A test subject in Group C developed iatrogenic anastomotic separation during dissection. Complete anastomotic separation was observed in a test subject in Group M. A test subject in Group P developed 50% separation at the anastomotic line and the distal portion of the anastomosis was obstructed with stool. These subjects were excluded during ABP measurements. However, samples were taken from the anastomotic sites to compare anastomotic strength and tissue Hyp levels. Tissue Hyp levels of the 2 subjects with anastomotic separation in Group C and Group M were lower than those of the other test subjects in these groups. Tissue Hyp levels of the subject in Group P was above the mean values. These findings also indicate that there is a positive relationship between anastomotic strength and collagen synthesis. Thus, it can be accepted that anastomotic separation that occurred in the subject in Group P was due to the stool plug at the distal portion.
According to the results of this study, it was concluded that preoperative nutritional support under malnourished conditions has a positive effect on colonic anastomotic healing and collagen synthesis. Evaluation of the preoperative weight, tissue Hyp levels, and ABP and the relationship between these 3 parameters indicated that the wound healing process has a highly variable nature. In malnutrition, every step of this process is negatively affected. Providing efficient and correct nutritional support is important in minimizing the negative effects of malnutrition on colonic anastomosis. However, in order to elucidate the complex process of intestinal wound healing, other variables should also be experimentally tested.
Ethics committee approval was received for this study from the ethics committee of Animal Ethics Committee of Ankara Hospital.
Concept - R.H.G.; Design z- R.H.G., P.E.E.; Supervision - R.H.G., P.E.E.; Funding - R.H.G., U.Y.; Materials - R.H.G., U.Y.; Data Collection and/or Processing - U.Y., P.E.E., E.E.; Analysis and/or Interpretation - A.E., S.I.; Literature Review - R.H.G., U.Y.; Writer - R.H.G., U.Y.; Critical Review - R.H.G.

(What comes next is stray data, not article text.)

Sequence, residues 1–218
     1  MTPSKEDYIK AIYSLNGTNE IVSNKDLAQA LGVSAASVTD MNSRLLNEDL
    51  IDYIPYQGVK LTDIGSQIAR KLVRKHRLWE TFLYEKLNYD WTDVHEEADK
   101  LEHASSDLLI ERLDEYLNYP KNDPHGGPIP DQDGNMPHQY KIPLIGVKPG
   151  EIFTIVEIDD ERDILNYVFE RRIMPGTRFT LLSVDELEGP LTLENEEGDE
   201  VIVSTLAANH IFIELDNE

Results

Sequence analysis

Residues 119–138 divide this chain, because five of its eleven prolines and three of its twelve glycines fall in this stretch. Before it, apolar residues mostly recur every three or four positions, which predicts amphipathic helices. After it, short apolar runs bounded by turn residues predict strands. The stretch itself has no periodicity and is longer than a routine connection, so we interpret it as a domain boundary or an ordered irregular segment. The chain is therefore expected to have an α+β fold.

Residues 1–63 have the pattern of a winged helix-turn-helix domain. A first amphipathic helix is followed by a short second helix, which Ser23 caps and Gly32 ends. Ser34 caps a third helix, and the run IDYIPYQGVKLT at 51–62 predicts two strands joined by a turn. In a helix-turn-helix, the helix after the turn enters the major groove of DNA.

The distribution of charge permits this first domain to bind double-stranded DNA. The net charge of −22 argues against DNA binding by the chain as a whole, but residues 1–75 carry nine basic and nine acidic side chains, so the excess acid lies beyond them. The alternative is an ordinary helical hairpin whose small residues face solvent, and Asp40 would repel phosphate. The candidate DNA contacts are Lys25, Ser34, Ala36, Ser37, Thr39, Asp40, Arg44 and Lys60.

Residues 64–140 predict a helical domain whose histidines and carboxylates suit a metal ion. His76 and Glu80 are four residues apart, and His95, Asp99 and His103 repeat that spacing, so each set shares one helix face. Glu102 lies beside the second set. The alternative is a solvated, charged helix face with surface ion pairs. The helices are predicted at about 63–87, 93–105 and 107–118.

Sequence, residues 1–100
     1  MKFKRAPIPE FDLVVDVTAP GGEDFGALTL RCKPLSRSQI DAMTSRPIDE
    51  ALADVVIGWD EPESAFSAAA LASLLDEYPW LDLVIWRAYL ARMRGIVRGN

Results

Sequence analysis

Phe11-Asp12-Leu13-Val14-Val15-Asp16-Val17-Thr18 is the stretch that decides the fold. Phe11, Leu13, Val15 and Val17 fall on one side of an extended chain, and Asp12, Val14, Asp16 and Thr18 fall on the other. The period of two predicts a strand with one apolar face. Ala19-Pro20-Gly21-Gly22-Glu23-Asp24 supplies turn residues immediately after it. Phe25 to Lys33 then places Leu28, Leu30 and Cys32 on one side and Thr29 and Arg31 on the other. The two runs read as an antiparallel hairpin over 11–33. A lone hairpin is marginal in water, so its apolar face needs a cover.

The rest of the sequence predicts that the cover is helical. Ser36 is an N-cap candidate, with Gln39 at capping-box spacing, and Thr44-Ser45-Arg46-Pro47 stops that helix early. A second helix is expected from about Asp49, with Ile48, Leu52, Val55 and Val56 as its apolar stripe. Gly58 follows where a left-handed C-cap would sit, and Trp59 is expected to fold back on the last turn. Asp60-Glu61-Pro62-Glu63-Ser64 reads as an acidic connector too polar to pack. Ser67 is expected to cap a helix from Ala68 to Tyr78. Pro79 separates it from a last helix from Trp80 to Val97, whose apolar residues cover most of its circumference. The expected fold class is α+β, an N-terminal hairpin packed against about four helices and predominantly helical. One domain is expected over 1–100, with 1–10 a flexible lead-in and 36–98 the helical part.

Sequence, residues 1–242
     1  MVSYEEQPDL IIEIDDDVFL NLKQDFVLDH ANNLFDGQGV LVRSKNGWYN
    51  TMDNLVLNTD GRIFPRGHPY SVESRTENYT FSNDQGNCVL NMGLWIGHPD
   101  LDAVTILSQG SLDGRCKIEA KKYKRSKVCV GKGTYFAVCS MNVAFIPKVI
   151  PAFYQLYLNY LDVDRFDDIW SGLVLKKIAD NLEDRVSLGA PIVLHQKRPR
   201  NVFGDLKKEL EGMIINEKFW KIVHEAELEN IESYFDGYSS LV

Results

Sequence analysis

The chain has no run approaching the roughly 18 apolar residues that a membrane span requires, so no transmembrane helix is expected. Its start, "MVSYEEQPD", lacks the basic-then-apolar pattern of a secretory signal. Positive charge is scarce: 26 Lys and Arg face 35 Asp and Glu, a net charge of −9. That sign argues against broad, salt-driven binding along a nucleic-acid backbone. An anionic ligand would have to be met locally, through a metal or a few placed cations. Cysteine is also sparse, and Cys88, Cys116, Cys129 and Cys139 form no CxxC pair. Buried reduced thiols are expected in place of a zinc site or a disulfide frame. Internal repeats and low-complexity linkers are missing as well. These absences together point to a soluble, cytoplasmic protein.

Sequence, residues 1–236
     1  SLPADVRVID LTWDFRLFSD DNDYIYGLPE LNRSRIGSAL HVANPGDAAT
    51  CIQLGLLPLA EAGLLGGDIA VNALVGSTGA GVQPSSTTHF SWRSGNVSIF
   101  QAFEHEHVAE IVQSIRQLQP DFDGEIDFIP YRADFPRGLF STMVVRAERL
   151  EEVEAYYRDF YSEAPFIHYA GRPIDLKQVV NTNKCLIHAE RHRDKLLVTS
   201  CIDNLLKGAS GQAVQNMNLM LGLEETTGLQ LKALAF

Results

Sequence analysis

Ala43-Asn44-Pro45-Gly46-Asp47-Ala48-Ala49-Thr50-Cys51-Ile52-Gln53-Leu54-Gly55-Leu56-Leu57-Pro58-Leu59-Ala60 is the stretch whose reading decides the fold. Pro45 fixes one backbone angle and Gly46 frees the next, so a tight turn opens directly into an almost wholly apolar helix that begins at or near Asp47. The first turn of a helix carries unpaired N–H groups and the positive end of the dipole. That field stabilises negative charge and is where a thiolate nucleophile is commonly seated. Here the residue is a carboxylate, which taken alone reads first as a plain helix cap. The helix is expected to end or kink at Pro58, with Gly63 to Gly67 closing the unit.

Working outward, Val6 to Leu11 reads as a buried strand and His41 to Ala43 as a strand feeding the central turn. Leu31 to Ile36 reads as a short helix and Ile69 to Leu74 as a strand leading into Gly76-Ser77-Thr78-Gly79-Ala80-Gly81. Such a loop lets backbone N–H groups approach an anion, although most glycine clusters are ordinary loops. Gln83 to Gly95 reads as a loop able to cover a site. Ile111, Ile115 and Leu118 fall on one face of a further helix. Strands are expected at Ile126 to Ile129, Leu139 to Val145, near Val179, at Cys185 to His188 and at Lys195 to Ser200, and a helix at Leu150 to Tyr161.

No conflict of interest was declared by the authors.
The authors declared that this study has received no financial support.
- Malone DL, Genuit T, Tracy JK, Gannon C, Napolitano LM. Surgical site infections: reanalysis of risk factors. J Surg Res 2002; 103: 89-95.
- Correia MI, Waitzberg DL. The impact of malnutrition on morbidity, mortality, length of hospital stay and costs evaluated through a multivariate model analysis. Clin Nutr 2003; 22: 235-239.
- Sungurtekin H, Sungurtekin U, Balci C, Zencir M, Erdem E. The influence of nutritional status on complications after major intraabdominal surgery. J Am Coll Nutr 2004; 23: 227-232.
- Schiesser M, Müller S, Kirchhoff P, Breitenstein S, Schäfer M, Clavien PA. Assessment of a novel screening score for nutritional risk in predicting complications in gastro-intestinal surgery. Clin Nutr 2008; 27: 565-570.
- Ljungqvist O, De Man F. Under nutrition: a major health problem in Europe. Nutr Hosp 2009; 24: 368-370.
- Irvin TT, Hunt TK. Effect of malnutrition on colonic healing. Ann Surg 1974; 180: 765-772.
- Ward MW, Danzi M, Lewin MR, Rennie MJ, Clark CG. The effects of subclinical malnutrition and refeeding on the healing of experimental colonic anastomoses. Br J Surg 1982; 69: 308-310.
- Law NW, Ellis H. Revised model for the study of colonic anastomotic healing in protein malnourished rats. Eur Surg Res 1989; 21: 218-223.
- Detsky AS, Baker JP, O’Rourke K, Goel V. Perioperative parenteral nutrition: a meta-analysis. Ann Intern Med 1987; 107: 195-203.
- Von Meyenfeldt MF, Meijerink WJ, Rouflart MM, Builmaassen MT, Soeters PB. Perioperative nutritional support: a randomised clinical trial. Clin Nutr 1992; 11: 180-186.
- Klein S, Kinney J, Jeejeebhoy K, Alpers D, Hellerstein M, Murray M, et al. Nutrition support in clinical practice: review of published data and recommendations for future research directions. National Institutes of Health, American Society for Parenteral and Enteral Nutrition, and American Society for Clinical Nutrition. JPEN 1997; 21: 133-156.
- Gonçalves CG, Groth AK, Ferreira M, Matias JE, Coelho JC, Campos AC. Influence of pre-operative feeding on the healing of colonic anastomoses in malnourished rats. JPEN 2009; 33: 83-89.
- Reddy GK, Enwemeka CS. A simplified method for the analysis of hydroxyproline in biological tissues. Clin Biochem 1996; 29: 225-229.
- Zaizen Y, Ford EG, Costin G, Atkinson JB. Stimulation of wound bursting strength during protein malnutrition. J Surg Res 1990; 49: 333-336.
- Ikeuchi D, Onodera H, Aung T, Kan S, Kawamoto K, Imamura M, et al. Correlation of tensile strength with bursting pressure in the evaluation of intestinal anastomosis. Dig Surg 1999; 16: 478-485.
- Mukerjee P, Mepham JA, Wapnick S, Datta BN, Cox AG. The effect of protein deprivation on alimentary healing. J Surg Res 1969; 9: 283-288.
- Weimann A, Braga M, Harsanyi L, Laviano A, Ljungqvist O, Soeters P, et al. ESPEN guidelines on enteral nutrition: surgery including organ transplantation. Clin Nutr 2006; 25: 224-244.